“Bishop Christensen is entirely wrong to say 'It was clearly the mind of the Council that the priest should face the people,'” he continued. 

“The Council's declaration on the Sacred Liturgy, Sacrosanctum Concilium, mentions ‘the people’ more than 40 times, and not once does it suggest in any way that the altars should be turned around, or that celebrant of the Mass should be looking at them while addressing God.”

Boise’s Ordinary also took aim at the practise of receiving Holy Communion while kneeling. While acknowledging that the faithful have the right to receive the Eucharist in this way and may not be refused Communion because they kneel, he ordered that they not be assisted in doing so. 

“While it is the right of the faithful to kneel to receive, nor may any communicant be denied Communion based on posture, given that the established norm in this country is standing, I am instructing that priests do not use furniture or such items as prie dieus or communion rails, as these may seem to undermine the norm or to imply a preference for kneeling to receive,” he wrote. 

Peter Kwasniewski told LifeSiteNews that “it is always a bad sign for a bishop to want to discourage the faithful from kneeling before their Lord and God.” 

In an article he prepared for the Remnant newspaper, Kwasniewski stated that the ban on prie dieus is “vindictive.” 

“It amounts to saying: ‘You knuckleheads can get down on your knees if you really want to—but not if you’re elderly. Tough luck for you cronies. No help from the church,’” he wrote.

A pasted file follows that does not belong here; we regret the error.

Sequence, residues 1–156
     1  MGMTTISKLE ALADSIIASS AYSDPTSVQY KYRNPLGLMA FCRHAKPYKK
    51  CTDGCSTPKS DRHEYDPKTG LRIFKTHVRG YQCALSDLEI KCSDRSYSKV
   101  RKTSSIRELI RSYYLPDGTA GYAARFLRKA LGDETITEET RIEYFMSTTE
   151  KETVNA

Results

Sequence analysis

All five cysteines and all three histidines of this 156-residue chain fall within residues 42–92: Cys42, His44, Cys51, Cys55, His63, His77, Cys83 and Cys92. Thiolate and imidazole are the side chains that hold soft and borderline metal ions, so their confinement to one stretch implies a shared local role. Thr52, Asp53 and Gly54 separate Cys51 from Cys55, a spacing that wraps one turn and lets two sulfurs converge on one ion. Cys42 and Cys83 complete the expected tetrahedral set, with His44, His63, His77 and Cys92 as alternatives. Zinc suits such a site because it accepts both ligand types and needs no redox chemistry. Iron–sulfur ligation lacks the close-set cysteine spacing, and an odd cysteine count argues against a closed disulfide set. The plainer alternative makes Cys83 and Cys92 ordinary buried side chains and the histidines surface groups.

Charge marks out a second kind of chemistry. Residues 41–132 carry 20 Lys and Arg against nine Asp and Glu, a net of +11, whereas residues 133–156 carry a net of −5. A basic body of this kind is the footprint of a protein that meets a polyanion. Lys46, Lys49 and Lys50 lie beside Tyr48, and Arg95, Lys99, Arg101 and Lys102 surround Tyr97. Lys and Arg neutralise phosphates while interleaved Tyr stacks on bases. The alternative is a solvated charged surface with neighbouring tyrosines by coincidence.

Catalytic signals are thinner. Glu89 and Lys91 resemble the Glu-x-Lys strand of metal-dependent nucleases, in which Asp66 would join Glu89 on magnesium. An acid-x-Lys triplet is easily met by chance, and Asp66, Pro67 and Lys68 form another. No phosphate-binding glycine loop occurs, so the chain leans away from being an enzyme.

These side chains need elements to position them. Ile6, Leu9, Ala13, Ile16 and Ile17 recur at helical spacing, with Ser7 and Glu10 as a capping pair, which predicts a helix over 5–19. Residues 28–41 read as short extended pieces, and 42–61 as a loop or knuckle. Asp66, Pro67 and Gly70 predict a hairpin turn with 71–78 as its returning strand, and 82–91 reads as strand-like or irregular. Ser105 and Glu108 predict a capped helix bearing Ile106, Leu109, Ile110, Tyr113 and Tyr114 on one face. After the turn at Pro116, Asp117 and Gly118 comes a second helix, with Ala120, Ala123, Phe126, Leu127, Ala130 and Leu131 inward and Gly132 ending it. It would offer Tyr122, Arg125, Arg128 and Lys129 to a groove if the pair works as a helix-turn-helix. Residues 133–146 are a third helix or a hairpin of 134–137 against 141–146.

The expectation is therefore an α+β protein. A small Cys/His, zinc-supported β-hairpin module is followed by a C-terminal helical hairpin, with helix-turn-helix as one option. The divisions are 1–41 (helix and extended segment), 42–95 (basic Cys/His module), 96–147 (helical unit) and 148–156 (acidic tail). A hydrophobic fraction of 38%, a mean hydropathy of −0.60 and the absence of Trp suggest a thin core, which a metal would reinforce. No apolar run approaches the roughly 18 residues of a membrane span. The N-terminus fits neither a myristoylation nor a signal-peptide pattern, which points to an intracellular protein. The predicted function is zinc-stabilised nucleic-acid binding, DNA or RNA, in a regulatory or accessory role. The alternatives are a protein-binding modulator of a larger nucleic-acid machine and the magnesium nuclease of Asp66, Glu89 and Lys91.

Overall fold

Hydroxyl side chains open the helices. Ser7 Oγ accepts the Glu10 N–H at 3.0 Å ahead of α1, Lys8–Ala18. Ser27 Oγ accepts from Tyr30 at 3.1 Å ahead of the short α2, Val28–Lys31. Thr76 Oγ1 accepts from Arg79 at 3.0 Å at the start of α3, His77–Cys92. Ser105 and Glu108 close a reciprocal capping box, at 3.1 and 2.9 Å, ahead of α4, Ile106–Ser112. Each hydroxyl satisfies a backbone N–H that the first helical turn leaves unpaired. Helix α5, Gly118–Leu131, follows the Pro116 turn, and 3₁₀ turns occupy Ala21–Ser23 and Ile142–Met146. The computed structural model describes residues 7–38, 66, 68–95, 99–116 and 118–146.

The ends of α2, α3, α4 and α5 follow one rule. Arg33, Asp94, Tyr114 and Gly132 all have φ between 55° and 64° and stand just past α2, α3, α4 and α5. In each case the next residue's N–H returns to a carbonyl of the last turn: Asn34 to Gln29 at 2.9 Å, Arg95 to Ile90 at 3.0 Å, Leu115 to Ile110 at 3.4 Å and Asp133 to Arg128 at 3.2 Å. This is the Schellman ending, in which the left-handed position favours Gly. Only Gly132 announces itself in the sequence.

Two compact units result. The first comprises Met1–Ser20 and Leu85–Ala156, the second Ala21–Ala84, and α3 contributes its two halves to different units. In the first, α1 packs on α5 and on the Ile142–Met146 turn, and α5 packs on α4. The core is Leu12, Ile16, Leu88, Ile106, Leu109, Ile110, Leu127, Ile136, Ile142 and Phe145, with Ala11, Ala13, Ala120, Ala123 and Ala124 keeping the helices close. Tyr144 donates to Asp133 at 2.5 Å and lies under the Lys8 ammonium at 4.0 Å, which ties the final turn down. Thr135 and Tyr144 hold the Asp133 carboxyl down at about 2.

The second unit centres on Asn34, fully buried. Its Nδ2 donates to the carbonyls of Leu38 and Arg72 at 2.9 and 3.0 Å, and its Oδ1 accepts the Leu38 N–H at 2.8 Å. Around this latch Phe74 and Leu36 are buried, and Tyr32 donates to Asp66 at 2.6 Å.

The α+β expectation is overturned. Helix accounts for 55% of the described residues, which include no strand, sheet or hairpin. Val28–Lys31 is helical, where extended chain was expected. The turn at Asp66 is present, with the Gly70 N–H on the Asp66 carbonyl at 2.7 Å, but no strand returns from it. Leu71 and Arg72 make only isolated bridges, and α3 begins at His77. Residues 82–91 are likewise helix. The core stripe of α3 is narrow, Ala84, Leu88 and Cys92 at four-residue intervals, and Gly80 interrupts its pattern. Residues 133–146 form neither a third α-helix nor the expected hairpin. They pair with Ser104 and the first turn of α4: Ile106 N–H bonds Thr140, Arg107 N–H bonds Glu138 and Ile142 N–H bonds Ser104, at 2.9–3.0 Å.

“Isn’t it surprising, too, just how rigidly some bishops want to exclude kneeling before the SON OF GOD? ‘Hey you—cut it out—no kneeling around here to the Word made flesh! We don’t do that anymore. It’s okay for the three kings and medieval peasants and what not, but not in this democratic age. Besides, the USCCB has spoken, and it has more authority than a millennium of Catholic practice’.”

Christensen's focus on traditional elements was not confined to the Mass of Paul VI, however. In his memo he also indicated that he wants to be informed “as a matter of courtesy” when the Mass of John XXIII, otherwise known as the Extraordinary Form of the Mass, or the Traditional Latin Mass, is celebrated in his diocese. 

While acknowledging that Benedict XVI’s motu proprio Summorum pontificum freed priests from the obligation of seeking episcopal permission to celebrate the ancient rite, Christensen wrote “I request that you report the practise to me, along with frequency and attendance.” He explained that this was for “accurate record-keeping” as the Holy See demands such information during ad limina visits.